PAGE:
Sunday, July 03, 2011

Philippines Goes Remote Sensing for Aquaculture Project

The Congressional Commission on Science Technology and Engineering (COMSTE) presented on Wednesday a locally developed farm-to-market ecosystem for aquaculture at the 8th Asia Pacific Telecommunication and ICT Development Forum in Macau, China.

Senator Edgardo J. Angara, chair of COMSTE, said that the forum was an excellent venue for the Philippines to share its advances in promoting good aquaculture practices, including new technologically enhanced fish-kill solutions.

COMSTE works with the Ateneo Innovation Center (AIC), Japan and Thailand in a project that aims to help fisherfolk avoid losses arising from fishkills and simultaneously create a farm to market ecosystem that would allow them to take advantage of available technology.

The APT SHARE project funded by the Asia Pacific Telecommunity (APT) aims to create a broadband farm-to-market ecosystem for fisherfolk. The project is being piloted at Lake Palakpakin in San Pablo, Laguna.

The project aims to create a sustainable lake-based aquaculture environment, which is important to the country's quest for stable fish food supply.

Angara said that the AIC demonstrated several new technologies that address critical problems for fisherfolk, such as the occurrence of fish kills several times a year.

Engineering and environmental science researchers designed a floating field sever than can roam around the lake and measure water clarity, dissolved oxygen, temperature versus depth, and even take underwater videos of fish movement. All the measured parameters are fed over a wireless sensor network to a data center in the community.

This way, locals are able to monitor the health of the lakes system. Fishing communities want to make aquaculture, agriculture and ecotourism viable livelihood options for the future. The fishermen reportedly found the underwater cameras were very useful in ensuring that their fish nets were properly containing their catch.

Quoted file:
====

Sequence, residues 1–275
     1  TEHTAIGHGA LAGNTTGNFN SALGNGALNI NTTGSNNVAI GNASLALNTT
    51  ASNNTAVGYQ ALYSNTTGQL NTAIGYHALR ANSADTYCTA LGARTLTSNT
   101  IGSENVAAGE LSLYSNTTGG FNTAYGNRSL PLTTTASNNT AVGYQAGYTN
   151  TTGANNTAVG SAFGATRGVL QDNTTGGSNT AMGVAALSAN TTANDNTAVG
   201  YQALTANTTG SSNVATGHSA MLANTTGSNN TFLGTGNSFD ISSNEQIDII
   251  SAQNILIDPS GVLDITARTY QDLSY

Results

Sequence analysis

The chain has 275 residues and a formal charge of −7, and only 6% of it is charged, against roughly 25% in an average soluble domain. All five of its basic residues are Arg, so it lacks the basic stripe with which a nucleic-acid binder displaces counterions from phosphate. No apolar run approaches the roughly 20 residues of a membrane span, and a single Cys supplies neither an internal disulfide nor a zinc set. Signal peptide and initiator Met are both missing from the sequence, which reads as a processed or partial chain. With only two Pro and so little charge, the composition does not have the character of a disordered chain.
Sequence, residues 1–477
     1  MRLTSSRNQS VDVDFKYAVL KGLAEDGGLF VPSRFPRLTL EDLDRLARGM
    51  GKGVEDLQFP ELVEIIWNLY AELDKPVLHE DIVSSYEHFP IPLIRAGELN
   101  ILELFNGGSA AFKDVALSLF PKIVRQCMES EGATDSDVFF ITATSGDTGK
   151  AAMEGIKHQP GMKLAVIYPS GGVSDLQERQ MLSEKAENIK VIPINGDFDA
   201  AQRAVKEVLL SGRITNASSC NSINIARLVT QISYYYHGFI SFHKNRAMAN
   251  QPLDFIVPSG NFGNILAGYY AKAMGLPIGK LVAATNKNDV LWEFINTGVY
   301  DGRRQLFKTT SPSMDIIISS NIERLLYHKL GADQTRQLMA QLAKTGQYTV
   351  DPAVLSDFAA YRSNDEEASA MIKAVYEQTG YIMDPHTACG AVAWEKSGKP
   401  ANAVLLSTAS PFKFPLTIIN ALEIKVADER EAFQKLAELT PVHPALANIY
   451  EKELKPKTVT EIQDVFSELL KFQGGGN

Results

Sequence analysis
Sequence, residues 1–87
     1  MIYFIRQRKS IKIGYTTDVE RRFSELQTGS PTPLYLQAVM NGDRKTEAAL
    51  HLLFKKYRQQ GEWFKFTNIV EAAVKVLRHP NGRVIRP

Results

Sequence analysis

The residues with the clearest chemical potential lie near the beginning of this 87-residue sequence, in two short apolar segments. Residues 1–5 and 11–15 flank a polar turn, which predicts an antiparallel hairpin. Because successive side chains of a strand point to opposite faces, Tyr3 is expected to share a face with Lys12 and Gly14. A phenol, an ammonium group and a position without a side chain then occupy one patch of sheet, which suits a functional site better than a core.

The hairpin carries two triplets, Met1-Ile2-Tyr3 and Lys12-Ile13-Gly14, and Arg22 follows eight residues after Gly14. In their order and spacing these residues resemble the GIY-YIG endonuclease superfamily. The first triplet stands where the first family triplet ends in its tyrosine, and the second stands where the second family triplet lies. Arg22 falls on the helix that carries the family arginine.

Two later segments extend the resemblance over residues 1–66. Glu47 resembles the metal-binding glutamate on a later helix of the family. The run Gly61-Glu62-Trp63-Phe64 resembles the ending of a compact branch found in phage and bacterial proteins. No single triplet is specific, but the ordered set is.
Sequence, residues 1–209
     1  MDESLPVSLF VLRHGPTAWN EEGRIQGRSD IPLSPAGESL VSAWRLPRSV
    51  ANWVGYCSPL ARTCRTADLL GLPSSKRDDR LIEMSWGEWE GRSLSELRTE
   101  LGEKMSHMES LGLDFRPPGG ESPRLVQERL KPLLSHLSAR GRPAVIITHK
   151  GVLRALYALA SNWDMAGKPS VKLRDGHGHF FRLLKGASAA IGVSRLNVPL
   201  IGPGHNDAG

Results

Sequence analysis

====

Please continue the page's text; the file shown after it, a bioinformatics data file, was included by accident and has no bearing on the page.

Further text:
The project will also implement remote sensing techniques tied up with cloud computing and data from unmanned aerial vehicles (UAV's) to create decision support systems and sustainability mapping.

Fish feeding technologies will also be explored, like the utilization of market waste to produce fish feed. All data will eventually be accessible from cloud technology directly to smart phones, enabling fisherfolk to manage and maintain the aquaculture network.

Angara said that in the future, this ecosystem will be linked to communities in Thailand and Japan, so the lessons learned in Lake Palakpakin can be shared with our neighboring countries.

"This groundbreaking technology is empowering our fisherfolk, allowing them to increase their productivity and protect their livelihood. At the same time, we are contributing immensely to the global knowledge on aquaculture management," he added.

Angara noted that the recent fish kill that hit Taal Lake and the P5 million worth of fish lost in Legazpi City are good examples of severe fish kills that devastated the local fishing communities.

The Ateneo program is part of a cooperative project sponsored by the Asia Pacific Telecommunity organization of Japan. Partner organizations are Ateneo de Manila University, COMSTE, Department of Transportation and Communication- Telecommunications Office (DOTC-TELOF), National Electronics and Computer Technology (NECTEC) Thailand, Japan Radio Corporation and NTT Japan.


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